The blockchain is a distributed database that keeps a permanent and tamper-proof record of transactions カヴァン・ チョクシ. The blockchain is created by a network of computers that validate transactions. This article will explain how blockchain technology works and why it has applications far beyond Bitcoin.
What is the Blockchain?
To understand how blockchain works, you first have to understand what blockchain is.
The blockchain is a distributed database that keeps a permanent and tamper-proof record of transactions. The blockchain is created by a network of computers that validate transactions. This article will explain how blockchain technology works and why it has applications far beyond Bitcoin.
If you’ve read about Bitcoin or Ethereum, then you’ve likely heard the term blockchain used frequently. The technology underlying Bitcoin and other cryptocurrencies are one of the most exciting recent developments in computer science; it’s taking us into an era where decentralized networks can validate transactions without needing to trust a third party. This development has applications far beyond exchanging value (such as Bitcoin) and will likely disrupt many industries in the coming years. The blockchain is only one type of distributed ledger; others include tangle, hyperledger, oracles, and more.
What’s important to understand about the blockchain is that it has two properties: It’s distributed (meaning there is no single point of failure or place to attack), and it’s immutable (you cannot change the historical record).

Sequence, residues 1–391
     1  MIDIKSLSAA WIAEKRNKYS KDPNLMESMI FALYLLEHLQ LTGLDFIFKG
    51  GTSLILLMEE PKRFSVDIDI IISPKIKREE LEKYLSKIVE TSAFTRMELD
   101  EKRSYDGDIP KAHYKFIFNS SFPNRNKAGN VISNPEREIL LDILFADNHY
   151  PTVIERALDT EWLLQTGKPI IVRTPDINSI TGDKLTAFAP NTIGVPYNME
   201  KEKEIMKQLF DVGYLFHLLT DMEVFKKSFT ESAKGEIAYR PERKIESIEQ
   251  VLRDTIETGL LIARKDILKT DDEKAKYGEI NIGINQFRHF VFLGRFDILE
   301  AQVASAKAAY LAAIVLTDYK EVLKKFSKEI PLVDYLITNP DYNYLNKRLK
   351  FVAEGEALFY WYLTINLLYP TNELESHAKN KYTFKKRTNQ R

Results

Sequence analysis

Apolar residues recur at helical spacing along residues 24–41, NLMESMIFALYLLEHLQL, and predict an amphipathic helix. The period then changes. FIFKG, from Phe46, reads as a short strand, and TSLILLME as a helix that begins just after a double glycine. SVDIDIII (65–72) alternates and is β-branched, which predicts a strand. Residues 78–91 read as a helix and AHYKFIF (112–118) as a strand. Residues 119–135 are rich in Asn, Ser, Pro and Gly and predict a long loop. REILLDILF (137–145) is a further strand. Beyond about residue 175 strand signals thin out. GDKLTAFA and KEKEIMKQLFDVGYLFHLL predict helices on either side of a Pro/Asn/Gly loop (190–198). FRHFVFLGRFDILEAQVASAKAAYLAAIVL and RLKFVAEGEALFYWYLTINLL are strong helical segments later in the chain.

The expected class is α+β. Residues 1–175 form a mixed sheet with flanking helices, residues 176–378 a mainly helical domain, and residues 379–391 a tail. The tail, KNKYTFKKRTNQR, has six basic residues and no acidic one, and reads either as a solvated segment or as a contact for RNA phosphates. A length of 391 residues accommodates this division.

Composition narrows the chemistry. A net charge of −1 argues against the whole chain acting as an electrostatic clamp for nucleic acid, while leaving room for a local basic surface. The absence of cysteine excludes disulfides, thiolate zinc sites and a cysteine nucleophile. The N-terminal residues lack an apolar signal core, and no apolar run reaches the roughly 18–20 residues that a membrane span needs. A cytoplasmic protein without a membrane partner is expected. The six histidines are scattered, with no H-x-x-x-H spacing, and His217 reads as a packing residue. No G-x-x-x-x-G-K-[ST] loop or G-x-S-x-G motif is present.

- Distributed: A blockchain is distributed because it runs on hardware many different people provide. This means that there is no single point of failure since if some nodes go down, others will continue running. It also means there is no central point of control; no one entity decides the rules of the network.
- Immutable: A blockchain is immutable because historical records cannot be changed once they’ve been added to the ledger. Why? Because each record (or block) contains a cryptographic hash of the previous record, this creates a chain that goes back to the first block. Additionally, new blocks are only added at the end of the chain, so attempting to alter a historical record would be pointless.
How Does the Blockchain Work?
In the blockchain, records are added to blocks. Blocks hold batches of valid recent transactions hashed and encoded into a Merkle tree. To add another block to the chain, a hash is created from the last block in the chain and compared to the current target for proof of work. If this new hash matches this target, the new block is added to the chain.
The “hash” mentioned above refers to the cryptographic hash function that creates a fixed-length alphanumeric string from variable input data. For instance, if you take this sentence and hash it with SHA256, the output will be a string of 256 letters and numbers that might look something like “dfaf3c9d40063eb5a20b2f9810be1c74dc62e86cb22f025052d1216c6ac09924”.
Each block holds batches of valid recent transactions in the blockchain that are hashed and encoded into a Merkle tree. A Merkle tree is a data structure used to efficiently summarize and verify the integrity of large sets of data. By providing a “fingerprint” for all transactions which appear in a block, and by including the fingerprint in an encoded format in each transaction’s header, then you can efficiently prove whether or not a transaction belongs in the block without having to go back and look through all previous transactions (which might be impossible for decentralized networks where there is no central database).
The blockchain is a new way of storing and verifying transactions. It has many benefits, but there are also some disadvantages. Businesses should weigh the pros and cons before deciding if the blockchain is right for them.